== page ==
The council also approved legislation calling for 900 units of affordable housing within the 391 acres earmarked for redevelopment.
Tax Increment Financing (TIF) includes $90 million in Phase I for a public garage that provides a permanent parking solution for Merriweather Post Pavilion, roads and other public improvements.
Incremental property taxes from the new development also will be set aside for major public projects supporting downtown Columbia, including a public elementary school, a fire station, arts center, transit center, central library and transportation improvements.
Terrasa, however, informed the council and public that she would not be signing the Memorandum of Understanding with HHC and would not vote for the TIF legislation.
“[The MOU] doesn’t address some of the bigger concerns we’ve heard about the TIF, giving one developer an unfair advantage or leaving the county vulnerable on a number of fronts,” she said. “I don’t have an objection to things that can’t go into legislation going into an MOU.”
The council rejected Terassa’s own legislation package and amendments in favor of TIF legislation by a margin of 4-1, with Terrasa casting the sole vote in opposition.
Among other requirements, Ball said, the MOU secures a commitment for Howard Hughes to plant 10,000 trees and pay an additional $12 million into an infrastructure fund. “There is a local hiring program goal of 10%, an apprenticeship and workforce development program, and there will be more focus on LEED development,” he said.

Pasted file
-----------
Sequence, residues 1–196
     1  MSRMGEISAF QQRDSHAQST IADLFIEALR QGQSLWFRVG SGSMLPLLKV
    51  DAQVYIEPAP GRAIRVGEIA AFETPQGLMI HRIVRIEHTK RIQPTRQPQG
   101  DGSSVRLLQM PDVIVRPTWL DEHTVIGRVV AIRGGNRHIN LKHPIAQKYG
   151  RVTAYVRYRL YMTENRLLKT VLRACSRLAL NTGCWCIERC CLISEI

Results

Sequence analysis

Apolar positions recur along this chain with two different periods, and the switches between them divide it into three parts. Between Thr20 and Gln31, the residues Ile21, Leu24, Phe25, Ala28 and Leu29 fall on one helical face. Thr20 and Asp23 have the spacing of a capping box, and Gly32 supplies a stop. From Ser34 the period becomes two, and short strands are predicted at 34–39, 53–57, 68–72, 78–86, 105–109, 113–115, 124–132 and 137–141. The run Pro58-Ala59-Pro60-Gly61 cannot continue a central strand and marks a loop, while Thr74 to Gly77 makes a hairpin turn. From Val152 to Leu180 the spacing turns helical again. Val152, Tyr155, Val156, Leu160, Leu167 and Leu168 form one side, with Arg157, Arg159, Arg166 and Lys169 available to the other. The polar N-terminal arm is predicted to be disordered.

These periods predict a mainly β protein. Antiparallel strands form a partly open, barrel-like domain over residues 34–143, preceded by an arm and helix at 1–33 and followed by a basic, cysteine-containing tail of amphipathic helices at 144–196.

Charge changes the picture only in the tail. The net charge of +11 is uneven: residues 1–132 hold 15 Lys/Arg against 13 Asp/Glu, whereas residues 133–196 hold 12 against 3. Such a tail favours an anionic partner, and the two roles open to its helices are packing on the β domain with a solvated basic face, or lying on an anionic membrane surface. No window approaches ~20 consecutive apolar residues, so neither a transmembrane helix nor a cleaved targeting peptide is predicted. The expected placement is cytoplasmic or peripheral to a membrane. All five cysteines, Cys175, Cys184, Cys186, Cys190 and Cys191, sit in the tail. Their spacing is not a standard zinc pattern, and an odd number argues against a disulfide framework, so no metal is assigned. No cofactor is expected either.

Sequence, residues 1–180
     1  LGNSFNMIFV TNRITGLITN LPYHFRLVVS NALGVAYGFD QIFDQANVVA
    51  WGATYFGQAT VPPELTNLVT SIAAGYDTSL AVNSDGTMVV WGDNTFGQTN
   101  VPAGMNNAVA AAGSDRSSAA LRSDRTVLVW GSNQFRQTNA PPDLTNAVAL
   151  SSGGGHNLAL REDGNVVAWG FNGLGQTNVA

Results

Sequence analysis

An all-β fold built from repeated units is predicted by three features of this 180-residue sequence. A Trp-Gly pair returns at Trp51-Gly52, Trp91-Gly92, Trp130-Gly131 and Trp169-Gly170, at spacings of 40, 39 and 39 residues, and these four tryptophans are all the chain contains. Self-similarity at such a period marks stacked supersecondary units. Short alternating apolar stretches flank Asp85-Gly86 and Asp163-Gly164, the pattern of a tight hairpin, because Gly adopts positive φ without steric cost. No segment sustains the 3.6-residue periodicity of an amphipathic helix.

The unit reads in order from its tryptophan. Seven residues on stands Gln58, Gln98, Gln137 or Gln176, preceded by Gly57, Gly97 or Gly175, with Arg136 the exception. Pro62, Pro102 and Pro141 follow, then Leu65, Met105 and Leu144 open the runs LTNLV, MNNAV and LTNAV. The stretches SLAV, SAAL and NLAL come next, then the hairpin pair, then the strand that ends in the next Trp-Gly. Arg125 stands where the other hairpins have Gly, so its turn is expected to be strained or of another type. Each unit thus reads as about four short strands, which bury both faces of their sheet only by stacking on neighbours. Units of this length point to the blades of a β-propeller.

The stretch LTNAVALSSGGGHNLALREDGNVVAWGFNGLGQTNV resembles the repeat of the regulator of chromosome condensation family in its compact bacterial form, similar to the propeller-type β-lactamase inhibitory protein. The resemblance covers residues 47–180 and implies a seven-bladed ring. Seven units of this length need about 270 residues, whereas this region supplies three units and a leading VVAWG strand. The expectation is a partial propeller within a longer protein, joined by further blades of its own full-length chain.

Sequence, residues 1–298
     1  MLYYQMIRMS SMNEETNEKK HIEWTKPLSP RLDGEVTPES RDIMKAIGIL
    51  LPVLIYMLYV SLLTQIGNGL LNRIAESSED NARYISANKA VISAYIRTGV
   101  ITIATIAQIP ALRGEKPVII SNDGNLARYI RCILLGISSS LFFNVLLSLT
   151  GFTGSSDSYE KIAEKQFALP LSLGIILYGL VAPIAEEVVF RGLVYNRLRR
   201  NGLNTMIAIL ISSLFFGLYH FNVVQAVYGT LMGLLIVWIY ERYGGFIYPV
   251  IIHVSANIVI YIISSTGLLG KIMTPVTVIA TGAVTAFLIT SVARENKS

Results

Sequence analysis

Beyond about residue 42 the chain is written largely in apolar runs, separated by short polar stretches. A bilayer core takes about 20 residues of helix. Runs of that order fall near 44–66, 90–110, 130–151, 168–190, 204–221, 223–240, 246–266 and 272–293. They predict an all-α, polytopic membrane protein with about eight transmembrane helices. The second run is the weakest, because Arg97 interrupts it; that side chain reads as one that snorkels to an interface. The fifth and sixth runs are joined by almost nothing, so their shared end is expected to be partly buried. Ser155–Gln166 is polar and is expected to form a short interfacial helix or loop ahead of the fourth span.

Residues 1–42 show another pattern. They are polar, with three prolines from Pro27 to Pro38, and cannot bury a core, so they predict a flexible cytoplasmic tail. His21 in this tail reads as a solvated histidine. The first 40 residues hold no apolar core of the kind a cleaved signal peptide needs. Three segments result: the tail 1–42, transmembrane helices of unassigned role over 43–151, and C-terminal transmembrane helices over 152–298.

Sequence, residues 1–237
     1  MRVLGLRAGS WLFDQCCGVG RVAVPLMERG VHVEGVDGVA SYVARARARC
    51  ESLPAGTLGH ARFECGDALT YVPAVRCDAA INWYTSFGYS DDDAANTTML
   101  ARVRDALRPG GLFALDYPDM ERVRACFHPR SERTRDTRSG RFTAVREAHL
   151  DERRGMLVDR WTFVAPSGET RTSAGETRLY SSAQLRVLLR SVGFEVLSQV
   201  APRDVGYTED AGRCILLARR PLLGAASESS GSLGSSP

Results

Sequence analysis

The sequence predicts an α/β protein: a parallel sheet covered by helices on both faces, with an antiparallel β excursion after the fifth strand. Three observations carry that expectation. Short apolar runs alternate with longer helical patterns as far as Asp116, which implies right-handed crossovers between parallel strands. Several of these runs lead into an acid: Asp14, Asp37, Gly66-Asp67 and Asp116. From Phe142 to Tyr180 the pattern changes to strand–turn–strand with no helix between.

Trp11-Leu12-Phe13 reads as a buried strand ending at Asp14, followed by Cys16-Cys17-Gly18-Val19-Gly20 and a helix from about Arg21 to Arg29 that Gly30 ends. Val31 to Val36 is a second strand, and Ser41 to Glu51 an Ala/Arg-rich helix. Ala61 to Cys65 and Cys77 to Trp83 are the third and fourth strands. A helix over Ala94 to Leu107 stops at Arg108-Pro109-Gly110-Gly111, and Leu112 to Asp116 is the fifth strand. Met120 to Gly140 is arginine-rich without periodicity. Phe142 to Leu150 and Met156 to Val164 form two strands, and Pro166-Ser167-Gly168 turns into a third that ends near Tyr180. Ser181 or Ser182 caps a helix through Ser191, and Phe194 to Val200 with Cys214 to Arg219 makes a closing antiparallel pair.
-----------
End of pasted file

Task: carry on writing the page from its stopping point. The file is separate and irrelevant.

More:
According to Councilmember Mary Kay Sigaty (D-Dist. 4), Howard Hughes has agreed to review covenants with members of the community to identify areas requiring modernization.
As to the developer’s agreement to transfer the Transit Center property to the county, “It’s important because we’re thinking about using that structure as a focal point for trying to do some innovative transit-oriented development,” Sigaty said.
In November, the HCPSS requested transfer of $1.7 million between projects to cover site entry improvements, parking lot expansion and a 3.8% increase in renovation costs at Waverly Elementary School.
According to Renee Camain, manager of the Office of School Planning, the funds will come from projects entering the final phase at Atholton High School, Ducketts Lane Elementary School, Longfellow Elementary School, New Elementary School 42 and Wilde Lake Middle School. “There will still be money left over [for these projects] should anything else arise,” she said.
The council is also considering a resolution that calls on the county’s Human Rights Commission to study the recruitment, hiring, retention and promotion practices of certain Howard County government offices, the Sheriff’s Office and the HCPSS.
Additionally, the administration has asked the council to consider lowering the qualification age for a senior property tax credit from 70 to 65 to align with legislative changes enacted at the state level several years ago.
“My estimate is about $100,000 in additional cost to provide this credit,” said Assistant Director of Finance Linda Watts. “The reason that figure is so low is that there are still a good number of people between 65 and 70 still working, or whose income level would not qualify them. For those who need it, it would now be available.”